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Guest stormgal

IELTS scoring, part II

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Guest stormgal

So how are the reading and listening parts scored? I noticed that the answer sheet is computerized, which probably means that it is run through some sort of a scanner.

 

Personally, I would much rather have someone correct it because -especially for the listening part, we can put down a synonym for an answer that is correct, but the computer may mark as wrong. What do you think? Or are both parts marked by both a computer and a person?

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Guest JennyReid
So how are the reading and listening parts scored? I noticed that the answer sheet is computerized, which probably means that it is run through some sort of a scanner.

 

Personally, I would much rather have someone correct it because -especially for the listening part, we can put down a synonym for an answer that is correct, but the computer may mark as wrong. What do you think? Or are both parts marked by both a computer and a person?

 

To my best knowledge, synonyms are not allowed for answers in the listening part. You have to write the answers as given in the conversations you've heard and they have to be spelt correctly to be the right answers !!. I think most of us can easily understand the whole listening conversation scenarios..but not all of us can spell correctly...let's admit it..lol that's how you get low mark in listening part due to awful spelling !! wrong spelling =wrong answer :( ex : drought is spelt as draught...bitch is spelt as beach..

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Guest stormgal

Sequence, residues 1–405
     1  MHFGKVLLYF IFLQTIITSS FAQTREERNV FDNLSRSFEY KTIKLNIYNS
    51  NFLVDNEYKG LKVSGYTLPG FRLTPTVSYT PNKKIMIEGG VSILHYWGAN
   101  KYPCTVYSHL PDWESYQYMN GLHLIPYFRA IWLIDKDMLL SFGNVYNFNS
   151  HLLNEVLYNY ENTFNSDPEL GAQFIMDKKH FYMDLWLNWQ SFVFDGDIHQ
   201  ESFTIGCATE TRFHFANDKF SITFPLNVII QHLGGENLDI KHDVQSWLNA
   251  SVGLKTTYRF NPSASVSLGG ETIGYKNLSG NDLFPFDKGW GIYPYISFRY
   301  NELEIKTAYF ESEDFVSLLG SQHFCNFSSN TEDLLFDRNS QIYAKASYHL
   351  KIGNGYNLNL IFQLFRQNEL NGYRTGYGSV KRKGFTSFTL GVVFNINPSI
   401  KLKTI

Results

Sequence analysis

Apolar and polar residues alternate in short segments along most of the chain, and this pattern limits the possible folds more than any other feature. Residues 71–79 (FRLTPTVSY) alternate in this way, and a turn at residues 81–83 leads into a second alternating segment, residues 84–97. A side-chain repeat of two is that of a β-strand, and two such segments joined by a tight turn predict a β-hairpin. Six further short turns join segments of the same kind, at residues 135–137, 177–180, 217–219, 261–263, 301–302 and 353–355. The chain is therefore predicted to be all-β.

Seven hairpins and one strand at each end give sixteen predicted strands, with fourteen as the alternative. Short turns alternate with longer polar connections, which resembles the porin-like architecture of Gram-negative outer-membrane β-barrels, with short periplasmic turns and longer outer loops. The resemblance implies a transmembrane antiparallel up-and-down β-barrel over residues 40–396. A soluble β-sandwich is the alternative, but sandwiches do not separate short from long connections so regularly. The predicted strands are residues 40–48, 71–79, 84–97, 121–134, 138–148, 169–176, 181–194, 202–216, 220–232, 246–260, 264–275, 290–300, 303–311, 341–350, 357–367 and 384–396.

To my best knowledge, synonyms are not allowed for answers in the listening part. You have to write the answers as given in the conversations you've heard and they have to be spelt correctly to be the right answers !!. I think most of us can easily understand the whole listening conversation scenarios..but not all of us can spell correctly...let's admit it..lol that's how you get low mark in listening part due to awful spelling !! wrong spelling =wrong answer :( ex : drought is spelt as draught...bitch is spelt as beach..

 

Right... well, the listening I already have downpacked - got 8.5, with 9.0's on the rest. It's the reading part that I'm concerned about. I think it may be the "true, false, not given" sections that are giving me the hard time. :nah:

 

Anyway, I bought the book by peter mays, and rescheduled the test. Hopefully, I'll be able to pass the reading. I'm kind of a bit embarrassed walking in again being a "native speaker". The administrators must be wondering.... :laugh:

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Guest JennyReid

I took IELTS once and got the result I needed as I applied under the old system (7s). I got 9 for speaking, 8 for listening and 7 for Reading and Writing. I noticed on this forum, Pete always gives very useful tips on IELTS. he sounds like an IELTS guru when it comes to giving IELTS tips. top Bloke! hopefully he will give you some reading tips too.